Former Royals outfielder Jeremy Giambi has died at the age of 47, according to his agent, Joel Wolfe. No cause of death was given. Jeremy was the younger brother of slugger Jason Giambi and was a sixth-round pick by the Royals in the 1996 draft out of Cal-State Fullerton.
Giambi hit like his brother in the minors, and was in Triple-A by his third minor league season, hitting .372/.469/.634 with 20 home runs in 96 games for Omaha. That performance earned a spot on Baseball America’s top 100 prospects list that off-season, where he was ranked #64. He destroyed Triple-A pitching with 12 home runs in 35 games to start the 1999 season, but was blocked by veteran Jeff King at first base. King would retire in late May once he qualified for his pension, and according to Mike Sweeney, Giambi was supposed to get the call up. But Giambi had injured himself in an ATV accident, so the Royals turned to Sweeney and Larry Sutton at first base.
Sutton would get injured a few weeks later, and Giambi got the call up with the Royals in June. He hit well, staying over .300 most of the year with a patient eye, all while learning to play first base.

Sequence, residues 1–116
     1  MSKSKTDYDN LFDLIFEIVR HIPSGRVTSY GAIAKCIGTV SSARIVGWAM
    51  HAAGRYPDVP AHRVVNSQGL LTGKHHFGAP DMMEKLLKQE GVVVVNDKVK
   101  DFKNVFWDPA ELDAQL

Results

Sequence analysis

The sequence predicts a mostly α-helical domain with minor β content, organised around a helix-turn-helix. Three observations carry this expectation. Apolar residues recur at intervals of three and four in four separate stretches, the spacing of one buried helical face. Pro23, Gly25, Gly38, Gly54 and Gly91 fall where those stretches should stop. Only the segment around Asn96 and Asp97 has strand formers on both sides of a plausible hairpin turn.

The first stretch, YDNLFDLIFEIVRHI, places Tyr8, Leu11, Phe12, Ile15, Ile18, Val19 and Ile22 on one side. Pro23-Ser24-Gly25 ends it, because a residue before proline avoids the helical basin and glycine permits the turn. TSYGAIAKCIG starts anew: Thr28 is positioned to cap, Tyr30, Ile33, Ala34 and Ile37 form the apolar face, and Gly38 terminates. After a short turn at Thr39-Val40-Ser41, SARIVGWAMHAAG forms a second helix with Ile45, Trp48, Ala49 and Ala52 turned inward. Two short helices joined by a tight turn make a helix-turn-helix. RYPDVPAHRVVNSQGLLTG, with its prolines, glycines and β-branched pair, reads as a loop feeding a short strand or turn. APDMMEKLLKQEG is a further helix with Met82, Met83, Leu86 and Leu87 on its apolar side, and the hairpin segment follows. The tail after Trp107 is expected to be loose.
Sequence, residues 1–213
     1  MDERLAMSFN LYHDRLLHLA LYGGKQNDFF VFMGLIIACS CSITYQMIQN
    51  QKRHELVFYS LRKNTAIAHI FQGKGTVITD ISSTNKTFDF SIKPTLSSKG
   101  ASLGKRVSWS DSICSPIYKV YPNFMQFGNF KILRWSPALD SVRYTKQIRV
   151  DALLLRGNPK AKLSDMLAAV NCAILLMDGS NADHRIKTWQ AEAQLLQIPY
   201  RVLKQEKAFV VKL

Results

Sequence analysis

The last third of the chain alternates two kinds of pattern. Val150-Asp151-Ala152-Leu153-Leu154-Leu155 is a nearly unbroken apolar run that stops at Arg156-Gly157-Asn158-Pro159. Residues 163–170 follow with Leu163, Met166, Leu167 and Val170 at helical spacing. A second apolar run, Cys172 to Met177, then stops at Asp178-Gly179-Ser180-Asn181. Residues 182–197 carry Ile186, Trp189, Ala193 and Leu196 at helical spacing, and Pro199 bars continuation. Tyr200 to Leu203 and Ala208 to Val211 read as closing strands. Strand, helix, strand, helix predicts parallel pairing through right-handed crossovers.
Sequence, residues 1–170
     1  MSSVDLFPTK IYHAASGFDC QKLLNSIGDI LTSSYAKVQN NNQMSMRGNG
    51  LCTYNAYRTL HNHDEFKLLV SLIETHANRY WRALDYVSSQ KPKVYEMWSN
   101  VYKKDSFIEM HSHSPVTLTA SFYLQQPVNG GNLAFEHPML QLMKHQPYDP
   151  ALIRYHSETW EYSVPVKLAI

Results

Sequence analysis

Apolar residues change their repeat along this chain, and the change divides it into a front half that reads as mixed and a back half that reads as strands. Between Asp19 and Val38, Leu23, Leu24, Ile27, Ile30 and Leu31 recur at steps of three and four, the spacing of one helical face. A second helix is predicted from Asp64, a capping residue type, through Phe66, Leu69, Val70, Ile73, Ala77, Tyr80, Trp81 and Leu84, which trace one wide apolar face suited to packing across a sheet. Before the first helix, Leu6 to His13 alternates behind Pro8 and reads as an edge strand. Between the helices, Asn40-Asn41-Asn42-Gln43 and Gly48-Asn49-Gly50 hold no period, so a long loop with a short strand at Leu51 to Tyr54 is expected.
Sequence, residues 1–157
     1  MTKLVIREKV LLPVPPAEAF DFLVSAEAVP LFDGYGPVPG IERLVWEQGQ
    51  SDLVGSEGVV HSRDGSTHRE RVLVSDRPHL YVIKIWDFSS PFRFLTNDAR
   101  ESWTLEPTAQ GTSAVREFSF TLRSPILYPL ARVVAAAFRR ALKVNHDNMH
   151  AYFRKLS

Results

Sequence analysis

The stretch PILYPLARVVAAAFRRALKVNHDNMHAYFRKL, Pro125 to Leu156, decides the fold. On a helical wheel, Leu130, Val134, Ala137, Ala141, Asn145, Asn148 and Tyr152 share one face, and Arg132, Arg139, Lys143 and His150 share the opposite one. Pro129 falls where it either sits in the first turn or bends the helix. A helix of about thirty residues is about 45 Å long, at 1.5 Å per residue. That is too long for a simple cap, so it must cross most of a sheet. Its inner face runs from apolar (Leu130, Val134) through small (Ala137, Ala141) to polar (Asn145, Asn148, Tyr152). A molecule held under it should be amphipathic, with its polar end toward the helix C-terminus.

“The first 10 days,’’ he said, “it was tough. But I wasn’t in the dark because I had played it in high school, played it in college and play it some in the fall league.
“So, it wasn’t like I’d never been over there. It was just getting the rust off more than anything. The last three or four days, I’ve felt real relaxed and real comfortable over there.’’
But his power didn’t develop as expected, and with Sweeney really taking off at first base, and a crowded outfield with Johnny Damon, Carlos Beltran, and Jermaine Dye, the Royals didn’t have room for Giambi. That off-season they traded him to Oakland for pitcher Brett Laxton, reuniting him with older brother Jason.
Jeremy would spend two and a half seasons in Oakland as a role player, with 22 home runs and 98 walks in 745 plate appearances combined over 2000-01. He was the player that was tagged by Derek Jeter in his infamous flip play in the 2001 American League Divisional Series.
Giambi got off to a solid start in 2002, but was surprisingly shipped in a mid-season deal to Philadelphia for light-hitting veteran John Mabry in a trade that was depicted in the movie Moneyball. He would spend one year with the Red Sox in 2003 before bouncing around in the minors in the Dodgers and White Sox organizations and calling it quits after the 2005 season. That year he would also admit that he used steroids during his career.
“Getting back to the big leagues ... when you get there, you don’t want it to get taken away,”
Giambi played 502 major league games with 52 home runs.
Update: Officials believe it was suicide.